HAWARDEN, Iowa (KCAU)– For the past three years West Sioux has attempted to pass a school bond. However, due to concerns voters have said no. Now after help from the community, school officials are now asking voters to pass their $15.5 million bond.

“In Ireton, there will be a new wing and replacing the old wing, so we’ll be able to build while we’re still in school there. In Hawarden, here we’re going to redo the classrooms and infrastructure as far as heat and utilities,” said Gary Witt, with the committee for the Betterment of West Sioux Community School District.

“When you send your own kids to school you need to make sure that not only they have a great education by the teachers, you need to be able to have a facility that can be very consistent with their heating and cooling systems. So for example when i send my child to Ireton I should be able to know that the heat is going to be on and not have to make sure that there’s three sweatshirts in their backpack,” Mollie Koopmans, the instructional coach at West Sioux Elementary Schools.

But heating isn’t the only concern faculty have for both elementary schools.

“We have several students who have accessibility needs, some mobility concerns, and we do not unfortunately have locations that are accessible for all of these students,” said Megan State, special education teacher at West Sioux Elementary Schools.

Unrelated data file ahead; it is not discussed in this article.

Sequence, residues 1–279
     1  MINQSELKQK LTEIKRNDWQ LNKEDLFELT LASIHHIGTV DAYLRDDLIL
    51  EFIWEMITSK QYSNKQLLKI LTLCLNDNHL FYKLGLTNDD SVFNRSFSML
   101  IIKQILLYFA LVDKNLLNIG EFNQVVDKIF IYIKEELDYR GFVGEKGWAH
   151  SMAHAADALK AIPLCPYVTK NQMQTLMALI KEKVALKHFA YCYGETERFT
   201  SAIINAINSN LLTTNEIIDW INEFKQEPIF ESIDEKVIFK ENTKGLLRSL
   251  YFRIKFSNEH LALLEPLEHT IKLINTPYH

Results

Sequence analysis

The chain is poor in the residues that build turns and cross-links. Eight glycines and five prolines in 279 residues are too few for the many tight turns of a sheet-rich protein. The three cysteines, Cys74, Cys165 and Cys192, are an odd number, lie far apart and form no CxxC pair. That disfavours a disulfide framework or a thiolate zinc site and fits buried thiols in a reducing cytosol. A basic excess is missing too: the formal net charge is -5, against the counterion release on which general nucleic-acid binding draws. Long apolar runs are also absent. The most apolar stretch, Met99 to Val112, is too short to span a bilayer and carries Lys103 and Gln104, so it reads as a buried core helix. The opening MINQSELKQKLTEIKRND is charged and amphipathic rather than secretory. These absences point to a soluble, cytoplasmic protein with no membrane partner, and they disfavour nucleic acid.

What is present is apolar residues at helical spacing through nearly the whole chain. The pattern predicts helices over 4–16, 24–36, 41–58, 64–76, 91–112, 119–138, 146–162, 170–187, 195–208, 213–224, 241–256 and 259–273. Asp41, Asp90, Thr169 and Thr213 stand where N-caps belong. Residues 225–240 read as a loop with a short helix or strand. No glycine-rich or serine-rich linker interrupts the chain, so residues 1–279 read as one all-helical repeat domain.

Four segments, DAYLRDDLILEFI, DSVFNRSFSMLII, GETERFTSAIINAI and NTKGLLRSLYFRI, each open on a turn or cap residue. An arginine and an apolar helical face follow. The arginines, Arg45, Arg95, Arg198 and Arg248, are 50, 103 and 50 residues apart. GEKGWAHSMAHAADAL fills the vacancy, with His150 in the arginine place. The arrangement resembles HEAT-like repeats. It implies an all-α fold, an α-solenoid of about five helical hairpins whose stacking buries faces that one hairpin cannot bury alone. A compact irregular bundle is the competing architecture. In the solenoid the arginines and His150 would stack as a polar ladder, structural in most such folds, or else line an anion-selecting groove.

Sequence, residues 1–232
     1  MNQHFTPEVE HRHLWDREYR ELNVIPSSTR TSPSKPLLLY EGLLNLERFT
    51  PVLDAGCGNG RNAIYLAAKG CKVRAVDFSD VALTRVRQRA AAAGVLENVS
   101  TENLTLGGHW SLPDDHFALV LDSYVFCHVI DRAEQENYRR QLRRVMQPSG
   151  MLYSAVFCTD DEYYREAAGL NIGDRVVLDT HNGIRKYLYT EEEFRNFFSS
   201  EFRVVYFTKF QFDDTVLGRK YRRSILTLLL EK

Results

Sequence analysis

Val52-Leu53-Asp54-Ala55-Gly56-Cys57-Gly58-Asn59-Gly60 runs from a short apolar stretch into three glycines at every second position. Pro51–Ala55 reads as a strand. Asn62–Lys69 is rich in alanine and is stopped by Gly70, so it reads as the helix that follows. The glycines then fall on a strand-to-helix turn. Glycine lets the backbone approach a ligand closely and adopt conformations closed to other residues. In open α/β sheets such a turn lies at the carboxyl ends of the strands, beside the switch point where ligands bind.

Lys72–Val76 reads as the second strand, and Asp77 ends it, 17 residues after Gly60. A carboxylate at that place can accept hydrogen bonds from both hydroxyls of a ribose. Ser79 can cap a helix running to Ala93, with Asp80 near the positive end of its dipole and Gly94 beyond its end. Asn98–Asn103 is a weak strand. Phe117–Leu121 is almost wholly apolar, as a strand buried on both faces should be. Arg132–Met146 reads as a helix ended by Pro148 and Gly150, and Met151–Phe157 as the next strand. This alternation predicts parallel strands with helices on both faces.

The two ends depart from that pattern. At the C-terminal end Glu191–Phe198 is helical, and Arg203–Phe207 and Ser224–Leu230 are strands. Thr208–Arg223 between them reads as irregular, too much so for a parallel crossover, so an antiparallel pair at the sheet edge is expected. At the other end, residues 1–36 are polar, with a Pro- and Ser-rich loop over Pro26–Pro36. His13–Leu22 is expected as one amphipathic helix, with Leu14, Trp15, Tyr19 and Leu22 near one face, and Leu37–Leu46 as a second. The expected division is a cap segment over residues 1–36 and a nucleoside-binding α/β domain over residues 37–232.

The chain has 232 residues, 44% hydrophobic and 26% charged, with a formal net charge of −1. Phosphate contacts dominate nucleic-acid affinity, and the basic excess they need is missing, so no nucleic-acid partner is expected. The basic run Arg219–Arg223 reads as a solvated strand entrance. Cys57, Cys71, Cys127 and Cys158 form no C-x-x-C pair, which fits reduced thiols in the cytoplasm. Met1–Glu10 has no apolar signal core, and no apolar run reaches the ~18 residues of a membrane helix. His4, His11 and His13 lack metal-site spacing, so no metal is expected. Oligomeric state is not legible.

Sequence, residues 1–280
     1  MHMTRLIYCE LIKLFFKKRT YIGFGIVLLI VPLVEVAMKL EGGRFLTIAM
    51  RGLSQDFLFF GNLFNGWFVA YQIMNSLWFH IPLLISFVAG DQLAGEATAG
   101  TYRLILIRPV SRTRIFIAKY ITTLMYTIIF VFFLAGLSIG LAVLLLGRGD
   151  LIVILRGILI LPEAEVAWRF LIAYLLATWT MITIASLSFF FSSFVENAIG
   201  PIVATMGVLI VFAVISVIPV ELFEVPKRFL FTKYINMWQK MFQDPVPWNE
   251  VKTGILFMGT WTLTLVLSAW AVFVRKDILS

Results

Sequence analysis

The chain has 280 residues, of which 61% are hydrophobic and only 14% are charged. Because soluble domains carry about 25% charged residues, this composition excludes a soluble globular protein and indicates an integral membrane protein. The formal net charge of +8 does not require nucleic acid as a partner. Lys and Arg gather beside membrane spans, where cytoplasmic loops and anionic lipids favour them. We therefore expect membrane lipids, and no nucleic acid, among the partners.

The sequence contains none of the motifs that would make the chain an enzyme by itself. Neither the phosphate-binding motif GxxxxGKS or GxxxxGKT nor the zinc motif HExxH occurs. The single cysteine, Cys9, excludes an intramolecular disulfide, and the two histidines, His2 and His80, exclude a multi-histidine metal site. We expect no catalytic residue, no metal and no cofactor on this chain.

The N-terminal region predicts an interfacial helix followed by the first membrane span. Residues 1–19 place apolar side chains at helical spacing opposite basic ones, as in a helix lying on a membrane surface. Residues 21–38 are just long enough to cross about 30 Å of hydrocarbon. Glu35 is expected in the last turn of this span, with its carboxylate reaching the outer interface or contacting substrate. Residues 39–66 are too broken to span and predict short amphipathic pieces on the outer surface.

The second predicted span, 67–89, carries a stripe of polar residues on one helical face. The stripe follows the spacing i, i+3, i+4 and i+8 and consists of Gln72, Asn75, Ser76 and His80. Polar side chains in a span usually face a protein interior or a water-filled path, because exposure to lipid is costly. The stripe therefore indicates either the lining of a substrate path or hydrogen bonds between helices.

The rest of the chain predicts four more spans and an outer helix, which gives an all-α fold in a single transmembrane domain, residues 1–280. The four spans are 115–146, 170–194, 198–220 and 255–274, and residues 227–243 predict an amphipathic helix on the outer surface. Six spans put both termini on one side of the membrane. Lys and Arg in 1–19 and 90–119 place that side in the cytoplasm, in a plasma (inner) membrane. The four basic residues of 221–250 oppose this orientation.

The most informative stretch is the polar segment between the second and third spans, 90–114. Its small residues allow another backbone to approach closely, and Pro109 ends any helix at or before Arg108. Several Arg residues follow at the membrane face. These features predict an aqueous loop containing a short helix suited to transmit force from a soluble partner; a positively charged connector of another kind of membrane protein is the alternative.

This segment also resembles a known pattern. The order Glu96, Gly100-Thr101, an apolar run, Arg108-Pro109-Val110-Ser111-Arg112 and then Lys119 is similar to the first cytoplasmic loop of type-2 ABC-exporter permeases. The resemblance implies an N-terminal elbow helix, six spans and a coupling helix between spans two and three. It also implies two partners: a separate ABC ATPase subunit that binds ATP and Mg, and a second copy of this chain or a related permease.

“We are really packing in Ireton space and we have in Hawarden space to. There are teachers that are very confined spaces and we have students going in and out of them every minute,” said Koopmans.

School officials hope voters will approve the bond…

“Maybe our water will be constantly on so we don’t have to walk across to the community center to go to the bathroom because that’s been a problem in the past,” said State.

“It’ll provide a facility that students can learn in a safe place and also have the best environment for them,” said Koopmans.

West Sioux needs 60% of voters to say yes on November 7th, if the school doesn’t reach that goal Witt said board officials will try again next year despite increasing construction prices.